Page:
Web design is often described in monolithic ways; there’s good design and bad design and the same rules apply across the board. What this overlooks is that brand messaging, the narrative attached to a product or company, actually plays a significant role in site design choices.
One clear line that divides brands on a broad scale is the idea of the aspirational versus the relatable. Simply put, some companies try to attract customers through commonality, while others project a dream-like version of what life could be. Though basic rules about layout or font choice, specifically regarding clarity and ease of use, overlap between the two, other styling choices diverge.
What sets a relatable website apart from an aspirational one? When readers navigate to a site, they look for these 4 indicators to determine how a brand is positioning themselves relative to the consumers’ lifestyle.
Aspirational: Playing The Hero
Aspirational branding is a classic strategy – think Wheaties boxes with athletic icons on the front, suggesting that if you eat this cereal you’ll become as great as these athletes. The classic Wheaties slogan, “Breakfast of champions,” lays that message bare.
Online, heroic, aspirational branding shows up in the form of famous brand ambassadors or muscular models populating your page. If your landing page features your founder, someone normal, you’re setting the customer up for a relatable experience, but if it features Aly Raisman or LeBron James, customers understand that this brand will help them hold their head high and push the limits of their daily lives.
Relatable: Mirror Image
When discussing models and superstars, one of the first things critics point out is that they all have body types that are essentially unattainable to the average American. That’s why, for brands that seek to represent themselves as relatable, choosing models or brand ambassadors as well as honing copy language to match customer speech and writing are all key to building trust – and sales.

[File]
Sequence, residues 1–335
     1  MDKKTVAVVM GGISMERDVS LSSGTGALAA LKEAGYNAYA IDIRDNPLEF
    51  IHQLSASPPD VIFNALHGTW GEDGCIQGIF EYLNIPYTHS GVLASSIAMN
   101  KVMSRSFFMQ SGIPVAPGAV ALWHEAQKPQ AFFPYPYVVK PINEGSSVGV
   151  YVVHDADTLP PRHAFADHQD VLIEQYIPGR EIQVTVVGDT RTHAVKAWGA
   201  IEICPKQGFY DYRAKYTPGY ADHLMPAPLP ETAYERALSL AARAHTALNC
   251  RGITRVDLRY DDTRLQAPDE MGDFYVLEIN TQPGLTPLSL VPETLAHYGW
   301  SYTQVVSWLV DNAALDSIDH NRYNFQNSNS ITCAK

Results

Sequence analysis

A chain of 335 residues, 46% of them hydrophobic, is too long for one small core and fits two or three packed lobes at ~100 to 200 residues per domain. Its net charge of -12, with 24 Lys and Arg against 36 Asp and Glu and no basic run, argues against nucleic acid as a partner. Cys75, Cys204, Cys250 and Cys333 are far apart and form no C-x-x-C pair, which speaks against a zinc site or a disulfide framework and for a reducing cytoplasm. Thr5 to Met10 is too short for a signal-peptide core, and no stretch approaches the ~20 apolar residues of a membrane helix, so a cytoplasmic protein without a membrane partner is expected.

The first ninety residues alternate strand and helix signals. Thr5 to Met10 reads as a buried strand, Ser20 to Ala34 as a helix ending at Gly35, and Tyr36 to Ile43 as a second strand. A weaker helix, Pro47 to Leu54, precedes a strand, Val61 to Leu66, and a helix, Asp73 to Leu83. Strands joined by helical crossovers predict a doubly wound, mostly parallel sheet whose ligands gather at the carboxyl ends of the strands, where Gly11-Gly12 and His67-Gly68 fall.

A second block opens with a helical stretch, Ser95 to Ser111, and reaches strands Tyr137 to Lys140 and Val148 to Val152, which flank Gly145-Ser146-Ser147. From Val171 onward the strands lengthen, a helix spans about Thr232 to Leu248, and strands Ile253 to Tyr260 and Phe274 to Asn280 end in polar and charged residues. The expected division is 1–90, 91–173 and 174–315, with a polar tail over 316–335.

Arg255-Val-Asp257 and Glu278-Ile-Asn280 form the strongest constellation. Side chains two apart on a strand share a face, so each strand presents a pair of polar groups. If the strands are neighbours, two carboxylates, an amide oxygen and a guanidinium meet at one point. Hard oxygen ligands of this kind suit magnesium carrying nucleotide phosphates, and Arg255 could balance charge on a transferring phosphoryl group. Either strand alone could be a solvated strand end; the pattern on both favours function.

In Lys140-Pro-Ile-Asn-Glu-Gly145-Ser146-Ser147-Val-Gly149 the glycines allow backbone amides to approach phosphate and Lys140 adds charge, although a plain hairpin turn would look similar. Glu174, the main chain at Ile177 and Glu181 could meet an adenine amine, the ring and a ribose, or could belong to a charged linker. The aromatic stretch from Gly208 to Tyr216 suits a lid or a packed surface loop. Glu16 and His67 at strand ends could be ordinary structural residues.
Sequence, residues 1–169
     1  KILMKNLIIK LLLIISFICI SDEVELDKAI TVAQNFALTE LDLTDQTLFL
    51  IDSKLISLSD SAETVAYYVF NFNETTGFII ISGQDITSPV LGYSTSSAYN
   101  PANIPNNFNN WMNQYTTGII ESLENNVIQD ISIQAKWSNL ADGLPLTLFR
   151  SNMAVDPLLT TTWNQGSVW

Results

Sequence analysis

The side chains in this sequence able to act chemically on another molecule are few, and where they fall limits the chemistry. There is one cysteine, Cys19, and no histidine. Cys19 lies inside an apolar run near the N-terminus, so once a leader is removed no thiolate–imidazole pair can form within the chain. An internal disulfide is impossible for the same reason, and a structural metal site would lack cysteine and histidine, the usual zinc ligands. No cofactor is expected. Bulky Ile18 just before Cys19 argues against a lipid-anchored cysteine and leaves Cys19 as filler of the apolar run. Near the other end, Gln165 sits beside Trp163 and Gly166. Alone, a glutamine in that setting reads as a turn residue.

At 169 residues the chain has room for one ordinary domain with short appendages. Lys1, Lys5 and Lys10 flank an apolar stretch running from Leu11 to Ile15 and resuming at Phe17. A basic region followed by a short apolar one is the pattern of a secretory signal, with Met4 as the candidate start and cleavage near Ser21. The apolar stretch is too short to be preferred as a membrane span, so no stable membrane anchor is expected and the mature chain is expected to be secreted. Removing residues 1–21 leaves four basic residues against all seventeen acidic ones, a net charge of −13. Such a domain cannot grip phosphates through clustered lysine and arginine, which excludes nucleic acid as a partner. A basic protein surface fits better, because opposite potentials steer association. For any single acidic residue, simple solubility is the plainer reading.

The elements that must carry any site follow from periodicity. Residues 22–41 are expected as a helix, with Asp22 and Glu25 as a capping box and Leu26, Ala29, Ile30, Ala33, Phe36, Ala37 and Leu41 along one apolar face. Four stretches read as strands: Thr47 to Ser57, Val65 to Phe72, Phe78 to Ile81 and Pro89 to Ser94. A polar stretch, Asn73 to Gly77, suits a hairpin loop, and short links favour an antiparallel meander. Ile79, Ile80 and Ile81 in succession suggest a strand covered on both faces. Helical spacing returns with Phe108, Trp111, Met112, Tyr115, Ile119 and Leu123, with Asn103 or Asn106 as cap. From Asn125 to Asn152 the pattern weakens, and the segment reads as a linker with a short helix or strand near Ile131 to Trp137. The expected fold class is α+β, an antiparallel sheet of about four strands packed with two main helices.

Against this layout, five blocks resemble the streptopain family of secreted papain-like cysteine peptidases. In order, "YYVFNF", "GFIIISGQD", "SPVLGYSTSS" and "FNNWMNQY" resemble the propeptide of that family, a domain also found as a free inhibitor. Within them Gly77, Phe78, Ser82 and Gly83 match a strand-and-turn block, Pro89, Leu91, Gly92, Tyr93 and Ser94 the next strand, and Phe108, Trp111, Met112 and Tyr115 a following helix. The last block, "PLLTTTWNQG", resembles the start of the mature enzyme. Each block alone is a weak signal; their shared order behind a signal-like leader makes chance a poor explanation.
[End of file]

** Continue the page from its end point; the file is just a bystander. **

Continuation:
Parenting websites are great at balancing the relatable and aspirational, presenting real parenting problems as well as solutions that might stretch our perception of real-life situations. Babies R Us summed this up with the phrase, “Be prepared-ish.” The idea is, of course, that parents can only do their best and the slang-y language even mirrors mommy-speak, the shorthand used between peers. Pair that with models with kids hanging off their limbs, or at least casual babywearing, and you’ve hit on the mirror image approach to site branding.
Elegance – it has countless meanings, especially in the world of design and marketing. For example, relatable or lower end brands will advertise sales and prices on their landing page, but aspirational brands know they should keep that under wraps until later.
Relatable brands line up their products and let you shop. Presentation is a second thought. Aspirational brands exude elegance by pushing aesthetic aspects to the fore. They’ll design a lookbook with gorgeous models in idyllic locations like beaches yachts, or near foreign landmarks. The fonts are simple, sleek, and the site makes you feel as though you’ve stepped into a boutique – the experience overruns the product.
The idea behind aspiration branding is to make the product and its presentation so appealing that it’s no surprise when customers see that it’s out of their price range. They’ll still want it, even saving for these products. Aspirational branding builds your reputation, gets people talking, even when they don’t own anything from your company. Word of mouth is a powerful force in branding and marketing.
Striking A Balance: Real Beauty
Is there anything between the all-access, relatable approach to web design and the out-of-reach, aspirational take? Many brands today find that they can offer this look by playing down the value propositions, dropping the product carousels, and using recognizable faces – but not ones associated with the upper echelons of power or beauty.
One way that brands are building their reputation as relatable but still powerful is by using plus-size models – models that look like the average American – but who still have a measure of fame. Think of someone like Queen Latifah or the now iconic Ashley Graham. These are beautiful women, but they don’t look like your average model. They take the aspirational and move it into reach.
Next time you look at your website, pause and consider what message you’re sending. Does your site speak to your customers’ current lifestyle or does it ask them to think about who they want to be and how your brand can take them there? Choose a camp and stick with it throughout your design. These subtle signs are just as important as any SEO rule.